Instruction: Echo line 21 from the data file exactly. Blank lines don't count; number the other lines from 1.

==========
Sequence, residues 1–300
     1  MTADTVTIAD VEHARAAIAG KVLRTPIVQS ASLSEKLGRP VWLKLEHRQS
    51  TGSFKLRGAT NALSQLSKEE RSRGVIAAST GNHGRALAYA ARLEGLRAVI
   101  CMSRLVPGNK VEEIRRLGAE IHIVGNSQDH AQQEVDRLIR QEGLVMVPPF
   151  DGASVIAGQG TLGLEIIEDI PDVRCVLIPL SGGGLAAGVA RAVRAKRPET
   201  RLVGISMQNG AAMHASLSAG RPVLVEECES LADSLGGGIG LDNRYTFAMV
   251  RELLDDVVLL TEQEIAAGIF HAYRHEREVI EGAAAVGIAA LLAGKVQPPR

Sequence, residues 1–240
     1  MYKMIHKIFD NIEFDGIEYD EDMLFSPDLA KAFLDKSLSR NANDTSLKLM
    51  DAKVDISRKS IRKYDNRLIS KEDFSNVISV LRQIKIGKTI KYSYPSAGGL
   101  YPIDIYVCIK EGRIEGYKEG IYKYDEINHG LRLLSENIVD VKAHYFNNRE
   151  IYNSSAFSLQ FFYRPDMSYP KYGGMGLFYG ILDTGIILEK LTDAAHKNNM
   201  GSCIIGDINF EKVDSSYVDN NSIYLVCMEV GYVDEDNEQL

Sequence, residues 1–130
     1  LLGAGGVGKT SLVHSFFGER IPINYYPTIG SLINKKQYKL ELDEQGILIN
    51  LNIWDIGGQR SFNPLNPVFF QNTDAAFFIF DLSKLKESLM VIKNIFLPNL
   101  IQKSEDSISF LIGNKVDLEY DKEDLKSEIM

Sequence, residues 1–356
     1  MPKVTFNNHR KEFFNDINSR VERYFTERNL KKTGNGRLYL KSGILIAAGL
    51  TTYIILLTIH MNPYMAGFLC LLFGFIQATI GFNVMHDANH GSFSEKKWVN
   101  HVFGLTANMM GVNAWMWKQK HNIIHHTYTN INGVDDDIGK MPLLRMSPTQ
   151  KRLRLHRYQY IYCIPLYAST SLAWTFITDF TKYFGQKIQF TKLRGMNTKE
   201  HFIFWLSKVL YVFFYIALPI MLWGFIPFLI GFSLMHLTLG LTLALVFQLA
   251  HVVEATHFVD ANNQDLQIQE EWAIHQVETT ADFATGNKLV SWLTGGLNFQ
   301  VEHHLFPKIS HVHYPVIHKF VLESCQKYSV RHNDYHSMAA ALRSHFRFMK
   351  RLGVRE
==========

   101  HVFGLTANMM GVNAWMWKQK HNIIHHTYTN INGVDDDIGK MPLLRMSPTQ